Researchers from the Washington University in St Louis have manufactured a novel sodium-ion battery that may create a great alternative to lithium-ion cells.
The team, led by Peng Bai, an assistant professor in the Department of Energy, Environmental and Chemical Engineering in the McKelvey School of Engineering, have developed a sodium-ion battery that boasts excellent stability, efficiency, a more compact design, and lower price than its lithium-ion counterpart. Their research is published in the journal Advanced Science.
The contemporary used lithium-ion batteries are comprised of an anode and cathode that store lithium ions, with the electrodes separated on each side by a separator and an electrolyte – a liquid in which the ions travel.
When the lithium is transported from the anode to the cathode, electrons dissipate via the current collector to the powered device while the lithium moves through the separator to the cathode. In order to charge, this process is reversed, with the lithium reverting through the separator to the anode.
Bai said: “We used old chemistry. But the problem has been, with this well-known chemistry, no one ever showed this anode-free battery can have a reasonable lifetime. They always fail very quickly or have a very low capacity or require special processing of the current collector.”
Anode free batteries have a litany of unstable character flaws – as they develop finger-like dendrites that cause the cell to short circuit or degrade rapidly, which has commonly been attributed to the reactivity of the alkali metals involved.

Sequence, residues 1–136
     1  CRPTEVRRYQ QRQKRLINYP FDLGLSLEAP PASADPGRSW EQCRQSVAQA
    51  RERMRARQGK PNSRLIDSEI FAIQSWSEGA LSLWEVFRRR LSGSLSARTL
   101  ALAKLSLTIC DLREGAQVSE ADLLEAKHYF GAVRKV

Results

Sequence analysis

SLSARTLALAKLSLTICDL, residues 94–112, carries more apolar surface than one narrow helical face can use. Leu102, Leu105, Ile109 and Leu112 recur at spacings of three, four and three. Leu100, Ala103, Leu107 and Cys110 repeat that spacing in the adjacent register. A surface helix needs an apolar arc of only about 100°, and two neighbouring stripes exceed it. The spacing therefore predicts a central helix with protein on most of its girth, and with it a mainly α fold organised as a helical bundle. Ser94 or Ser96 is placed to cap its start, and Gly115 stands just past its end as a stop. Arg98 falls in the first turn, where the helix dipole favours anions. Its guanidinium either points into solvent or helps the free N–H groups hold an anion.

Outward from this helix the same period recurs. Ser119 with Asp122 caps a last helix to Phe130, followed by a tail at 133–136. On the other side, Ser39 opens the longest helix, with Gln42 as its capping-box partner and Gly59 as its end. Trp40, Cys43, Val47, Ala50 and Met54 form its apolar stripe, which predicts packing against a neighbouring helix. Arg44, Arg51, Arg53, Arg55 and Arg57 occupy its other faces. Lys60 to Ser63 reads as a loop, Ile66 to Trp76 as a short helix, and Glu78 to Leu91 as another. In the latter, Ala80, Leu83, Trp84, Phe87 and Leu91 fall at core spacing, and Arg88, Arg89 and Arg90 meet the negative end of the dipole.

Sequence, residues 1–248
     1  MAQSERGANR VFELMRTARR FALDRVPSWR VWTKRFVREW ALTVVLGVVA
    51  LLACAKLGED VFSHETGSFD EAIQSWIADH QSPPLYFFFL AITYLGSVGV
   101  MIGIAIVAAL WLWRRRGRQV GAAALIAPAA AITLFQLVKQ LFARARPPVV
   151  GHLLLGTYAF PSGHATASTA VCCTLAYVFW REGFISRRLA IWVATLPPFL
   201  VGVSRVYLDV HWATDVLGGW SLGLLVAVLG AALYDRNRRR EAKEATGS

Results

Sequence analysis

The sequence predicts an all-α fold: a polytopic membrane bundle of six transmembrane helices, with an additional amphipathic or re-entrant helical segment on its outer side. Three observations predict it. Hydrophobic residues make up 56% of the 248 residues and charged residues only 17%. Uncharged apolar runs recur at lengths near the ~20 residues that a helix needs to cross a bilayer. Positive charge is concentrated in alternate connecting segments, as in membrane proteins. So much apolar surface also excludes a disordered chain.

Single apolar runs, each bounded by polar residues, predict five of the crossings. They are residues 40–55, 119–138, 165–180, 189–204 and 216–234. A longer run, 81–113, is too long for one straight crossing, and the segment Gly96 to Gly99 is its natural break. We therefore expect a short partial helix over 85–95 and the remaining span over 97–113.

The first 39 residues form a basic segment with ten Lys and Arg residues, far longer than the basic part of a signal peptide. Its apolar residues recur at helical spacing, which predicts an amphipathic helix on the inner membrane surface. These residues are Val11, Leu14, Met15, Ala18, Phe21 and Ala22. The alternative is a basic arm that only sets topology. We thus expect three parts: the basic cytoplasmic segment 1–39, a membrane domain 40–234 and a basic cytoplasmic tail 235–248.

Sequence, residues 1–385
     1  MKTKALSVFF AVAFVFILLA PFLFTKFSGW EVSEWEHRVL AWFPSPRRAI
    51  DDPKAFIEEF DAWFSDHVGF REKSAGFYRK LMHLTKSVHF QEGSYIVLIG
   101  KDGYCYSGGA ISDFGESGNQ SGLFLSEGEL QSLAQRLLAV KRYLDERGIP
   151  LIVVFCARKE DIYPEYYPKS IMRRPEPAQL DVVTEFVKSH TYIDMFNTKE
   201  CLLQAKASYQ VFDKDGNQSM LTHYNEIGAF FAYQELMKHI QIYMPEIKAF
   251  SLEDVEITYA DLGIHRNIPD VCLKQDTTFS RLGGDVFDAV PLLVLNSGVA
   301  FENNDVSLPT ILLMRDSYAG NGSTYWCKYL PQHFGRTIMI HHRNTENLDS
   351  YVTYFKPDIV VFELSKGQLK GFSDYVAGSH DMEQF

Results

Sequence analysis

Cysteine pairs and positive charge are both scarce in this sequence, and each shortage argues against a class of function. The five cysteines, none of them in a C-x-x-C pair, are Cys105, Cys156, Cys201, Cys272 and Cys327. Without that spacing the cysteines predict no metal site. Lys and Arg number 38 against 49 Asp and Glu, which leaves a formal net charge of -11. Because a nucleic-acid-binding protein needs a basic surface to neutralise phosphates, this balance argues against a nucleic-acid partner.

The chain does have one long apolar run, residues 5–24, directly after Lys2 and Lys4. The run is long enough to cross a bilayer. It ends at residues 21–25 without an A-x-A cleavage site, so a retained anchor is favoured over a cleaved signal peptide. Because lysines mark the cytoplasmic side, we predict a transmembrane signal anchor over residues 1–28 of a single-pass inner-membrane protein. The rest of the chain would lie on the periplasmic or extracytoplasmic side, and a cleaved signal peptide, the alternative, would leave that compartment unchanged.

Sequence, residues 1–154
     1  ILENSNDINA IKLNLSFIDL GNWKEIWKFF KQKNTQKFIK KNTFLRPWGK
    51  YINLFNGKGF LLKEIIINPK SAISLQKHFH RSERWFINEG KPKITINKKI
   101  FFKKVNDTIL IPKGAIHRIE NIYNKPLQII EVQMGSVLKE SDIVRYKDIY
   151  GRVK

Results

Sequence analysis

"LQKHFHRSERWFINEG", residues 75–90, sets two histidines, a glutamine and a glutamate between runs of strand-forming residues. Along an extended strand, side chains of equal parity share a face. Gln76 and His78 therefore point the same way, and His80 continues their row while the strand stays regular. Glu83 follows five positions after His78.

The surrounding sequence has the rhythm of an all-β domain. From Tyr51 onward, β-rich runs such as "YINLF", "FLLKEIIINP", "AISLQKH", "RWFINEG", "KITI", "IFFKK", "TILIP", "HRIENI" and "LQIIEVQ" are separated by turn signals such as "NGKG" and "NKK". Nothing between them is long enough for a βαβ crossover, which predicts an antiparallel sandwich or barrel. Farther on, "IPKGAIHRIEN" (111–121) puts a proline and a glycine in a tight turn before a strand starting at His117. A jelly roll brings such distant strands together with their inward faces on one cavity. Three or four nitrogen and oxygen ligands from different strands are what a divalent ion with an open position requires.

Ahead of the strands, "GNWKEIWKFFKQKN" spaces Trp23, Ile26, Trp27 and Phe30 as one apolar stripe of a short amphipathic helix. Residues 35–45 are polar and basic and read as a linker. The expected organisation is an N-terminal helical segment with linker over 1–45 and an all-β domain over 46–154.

In this new design, a thin layer of copper was utilised to act as the current collector on the anode side, with the ions being converted into metal instead of flowing to the anode, where they plate themselves onto the copper foil before dissolving to return to the cathode.
Bingyuan Ma, the first author of the paper, said: “In our discovery, there are no dendrites, no finger-like structures. This kind of growth mode has never been observed for this kind of alkali metal.”
To analyse the batteries, Bai developed a novel, transparent capillary cell. He Said: “We could clearly see that if you don’t have good quality control of your electrolyte, you’ll see various instabilities, including the formation of dendrites.”
The researchers discovered that stability is directly influenced by the volume of water within the electrolytes due to a reaction between alkali metals and the water. Consequently, the team reduced the water content, observing shiny, smooth deposits of sodium, meaning that morphological irregularities that cause dendrites were eliminated.
The team found that by reducing the water content to lower than 10 parts-per-million, their sodium-ion battery that rivals the performance of commonly used lithium-ion, with significantly less space due to not requiring an anode. The researchers believe that their innovation can change the landscape of the battery industry.
Bai said: “Check your cell phone. Your electric car. One-quarter of the cost of such items comes from the battery. Sodium batteries use a more common metal than lithium batteries; they have the same energy density as lithium batteries; and they are smaller and cheaper than lithium batteries, thanks to eliminating the anode. We proved you can use the simplest set up to enable the best battery.”